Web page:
The most populous of all the communities on our tour, Paragould has graciously extended us the use of their wonderful community recreation center building and grounds.  Here riders will have access to both indoor and outdoor pools, showers, and the gym for sleeping, as well as a shuttle to take you to the Crowley’s Ridge State Park, which offers swimming, kayaking, and pedal boats, among other attractions.  An extensive choice of local restaurants for dinner and a free concert in the historic restored Collins theatre downtown cap off the evening.

Day 3- Paragould Community Center to Caruthersville, Missouri Recreation Center 67 miles

After your hearty breakfast served by the local Kiwanis Club, we have another fairly long trip on tap for today, but any wind should be at your back as we ride due east!  About seven miles into the route, you’ll pass by the vintage George Ray Dragstrip.  Placed on the National Register of Historic Places, this is the oldest continuously operating dragstrip in the U.S., having hosted its first race in 1961.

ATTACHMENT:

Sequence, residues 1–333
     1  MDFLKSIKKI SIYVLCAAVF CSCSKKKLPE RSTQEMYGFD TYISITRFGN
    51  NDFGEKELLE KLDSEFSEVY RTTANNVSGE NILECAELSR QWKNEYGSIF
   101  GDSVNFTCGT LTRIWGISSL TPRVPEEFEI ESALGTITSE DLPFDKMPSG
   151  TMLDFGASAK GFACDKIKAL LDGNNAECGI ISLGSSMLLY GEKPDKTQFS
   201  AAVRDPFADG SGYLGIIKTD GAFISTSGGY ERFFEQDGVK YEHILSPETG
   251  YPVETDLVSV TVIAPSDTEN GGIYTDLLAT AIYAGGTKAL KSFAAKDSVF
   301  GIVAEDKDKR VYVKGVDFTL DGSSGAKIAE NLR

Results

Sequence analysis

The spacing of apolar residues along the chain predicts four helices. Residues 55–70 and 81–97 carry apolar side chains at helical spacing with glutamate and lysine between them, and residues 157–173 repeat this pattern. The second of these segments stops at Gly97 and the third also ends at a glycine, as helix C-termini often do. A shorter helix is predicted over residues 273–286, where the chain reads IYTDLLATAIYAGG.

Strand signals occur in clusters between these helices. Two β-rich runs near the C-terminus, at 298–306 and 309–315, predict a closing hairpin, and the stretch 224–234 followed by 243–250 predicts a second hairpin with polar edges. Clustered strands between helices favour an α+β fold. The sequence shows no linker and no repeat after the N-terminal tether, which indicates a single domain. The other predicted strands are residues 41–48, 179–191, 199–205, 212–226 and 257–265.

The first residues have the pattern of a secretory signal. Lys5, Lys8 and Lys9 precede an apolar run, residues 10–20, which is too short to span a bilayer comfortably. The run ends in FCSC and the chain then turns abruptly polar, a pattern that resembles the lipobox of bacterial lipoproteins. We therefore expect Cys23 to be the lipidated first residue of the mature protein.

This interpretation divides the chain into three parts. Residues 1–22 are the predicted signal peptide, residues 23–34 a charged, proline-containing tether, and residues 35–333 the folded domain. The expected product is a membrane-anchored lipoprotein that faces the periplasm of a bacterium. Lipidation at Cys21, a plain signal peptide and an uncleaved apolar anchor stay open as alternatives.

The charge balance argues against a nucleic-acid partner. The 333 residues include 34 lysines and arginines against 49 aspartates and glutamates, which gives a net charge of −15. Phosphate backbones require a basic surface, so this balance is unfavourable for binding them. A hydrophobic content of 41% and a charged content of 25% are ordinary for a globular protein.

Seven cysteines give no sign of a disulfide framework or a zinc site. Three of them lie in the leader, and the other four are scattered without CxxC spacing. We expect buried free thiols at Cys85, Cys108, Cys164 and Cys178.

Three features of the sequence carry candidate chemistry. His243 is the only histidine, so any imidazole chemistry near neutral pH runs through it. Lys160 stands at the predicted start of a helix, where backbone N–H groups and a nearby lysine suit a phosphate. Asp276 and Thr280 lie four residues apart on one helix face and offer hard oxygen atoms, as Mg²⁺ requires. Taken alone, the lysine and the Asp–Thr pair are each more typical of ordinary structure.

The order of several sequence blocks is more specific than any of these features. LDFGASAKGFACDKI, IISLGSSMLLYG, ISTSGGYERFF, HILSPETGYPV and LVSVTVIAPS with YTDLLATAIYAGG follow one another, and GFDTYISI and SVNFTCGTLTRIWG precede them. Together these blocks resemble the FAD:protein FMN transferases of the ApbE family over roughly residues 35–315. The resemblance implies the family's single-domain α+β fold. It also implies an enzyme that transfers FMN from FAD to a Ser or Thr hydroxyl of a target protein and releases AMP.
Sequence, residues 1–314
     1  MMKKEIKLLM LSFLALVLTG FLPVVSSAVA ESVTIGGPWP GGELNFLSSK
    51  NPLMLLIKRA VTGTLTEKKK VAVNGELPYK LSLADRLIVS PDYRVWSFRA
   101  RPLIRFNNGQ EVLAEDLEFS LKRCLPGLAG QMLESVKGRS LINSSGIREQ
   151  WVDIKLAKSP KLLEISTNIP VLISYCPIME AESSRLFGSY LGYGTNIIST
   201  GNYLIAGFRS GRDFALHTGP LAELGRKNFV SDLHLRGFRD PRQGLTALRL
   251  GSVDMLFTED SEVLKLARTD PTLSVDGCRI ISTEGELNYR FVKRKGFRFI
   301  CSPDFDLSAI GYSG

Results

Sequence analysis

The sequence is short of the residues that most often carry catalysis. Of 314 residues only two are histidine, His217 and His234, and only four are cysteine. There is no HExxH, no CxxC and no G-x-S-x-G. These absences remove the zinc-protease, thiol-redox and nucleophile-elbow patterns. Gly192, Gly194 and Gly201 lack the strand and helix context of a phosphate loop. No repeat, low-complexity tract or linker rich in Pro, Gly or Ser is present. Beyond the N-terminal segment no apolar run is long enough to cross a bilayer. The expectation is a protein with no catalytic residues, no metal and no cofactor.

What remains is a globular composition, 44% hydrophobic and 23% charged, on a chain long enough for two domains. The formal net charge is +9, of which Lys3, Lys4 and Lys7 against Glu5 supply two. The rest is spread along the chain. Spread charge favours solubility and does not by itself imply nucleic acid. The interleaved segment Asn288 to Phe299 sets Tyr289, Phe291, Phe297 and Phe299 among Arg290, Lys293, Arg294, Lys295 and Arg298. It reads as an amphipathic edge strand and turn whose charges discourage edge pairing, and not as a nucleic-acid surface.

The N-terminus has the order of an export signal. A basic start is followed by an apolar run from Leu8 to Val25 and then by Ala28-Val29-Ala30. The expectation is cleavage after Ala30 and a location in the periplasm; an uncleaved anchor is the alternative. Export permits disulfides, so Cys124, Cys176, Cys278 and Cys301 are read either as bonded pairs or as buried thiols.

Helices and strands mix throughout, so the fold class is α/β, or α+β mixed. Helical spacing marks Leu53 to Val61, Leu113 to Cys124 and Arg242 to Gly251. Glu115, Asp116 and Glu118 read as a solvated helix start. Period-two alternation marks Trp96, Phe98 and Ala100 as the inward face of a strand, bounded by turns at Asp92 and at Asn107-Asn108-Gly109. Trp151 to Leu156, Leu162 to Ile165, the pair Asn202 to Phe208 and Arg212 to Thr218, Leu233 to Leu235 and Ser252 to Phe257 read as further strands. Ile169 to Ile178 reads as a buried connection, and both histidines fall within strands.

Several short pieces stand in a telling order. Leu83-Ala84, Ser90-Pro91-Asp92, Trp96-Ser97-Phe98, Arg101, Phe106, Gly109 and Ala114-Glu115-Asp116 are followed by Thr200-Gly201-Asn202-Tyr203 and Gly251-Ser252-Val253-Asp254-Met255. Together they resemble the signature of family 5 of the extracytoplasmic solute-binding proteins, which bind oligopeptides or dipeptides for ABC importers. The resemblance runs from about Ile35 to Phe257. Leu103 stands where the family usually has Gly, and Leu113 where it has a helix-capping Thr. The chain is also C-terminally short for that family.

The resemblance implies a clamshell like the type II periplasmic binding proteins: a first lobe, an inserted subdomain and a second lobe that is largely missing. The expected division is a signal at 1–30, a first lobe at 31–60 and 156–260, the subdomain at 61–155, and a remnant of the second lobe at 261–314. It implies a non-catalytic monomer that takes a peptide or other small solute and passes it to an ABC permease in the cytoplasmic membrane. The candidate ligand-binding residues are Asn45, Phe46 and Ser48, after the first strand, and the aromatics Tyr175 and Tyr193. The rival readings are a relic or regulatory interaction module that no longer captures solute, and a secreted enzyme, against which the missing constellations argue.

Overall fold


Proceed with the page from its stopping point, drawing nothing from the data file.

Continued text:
Our first rest/water stop will be at the Christ United Methodist Church on the east edge of Paragould.  Soon after that, riders will pass by a convenience store just after crossing back into Missouri.  From there, our next point of interest and water stop will be the small farming community of Hornersville, where Betty’s Café will be open for cyclists who feel the need for a little mid-morning refreshment.  Betty’s was a popular stop on our 2013 tour, as Ms. Betty has great food, an outgoing personality, and a wealth of fascinating stories to tell!

Leaving Hornersville, we press onward and about four miles north, cross over a closely spaced series of five drainage canals.  These are the “floodway ditches”, a key component of the drainage system that, just about 100 years ago, turned the vast area of land you are riding through from an unusable swamp into some of the most productive farmland on earth.  It also made possible the very flat routes you are riding on the first days of this tour.  Continuing east, our next rest/water stop will be at the Deering, Missouri post office.  Five miles further on, we’ll pass through the optimistically named but tiny hamlet of Braggadocio. If he’s not closed for lunch, the postmaster there will be happy to stamp your postcard with his original Braggadocio cancellation stamp, and the city limits signs make a good “photo op”.   The route crosses over Interstates 55 and 155, and we arrive at our next overnight stop at the Caruthersville Recreation Center.  Here you’ll have access to another indoor pool, and time to visit the Mississippi riverfront and local riverboat casino.

Day 4-Caruthersville Recreation Center to Reelfoot Lake State Park, Tennessee 55 miles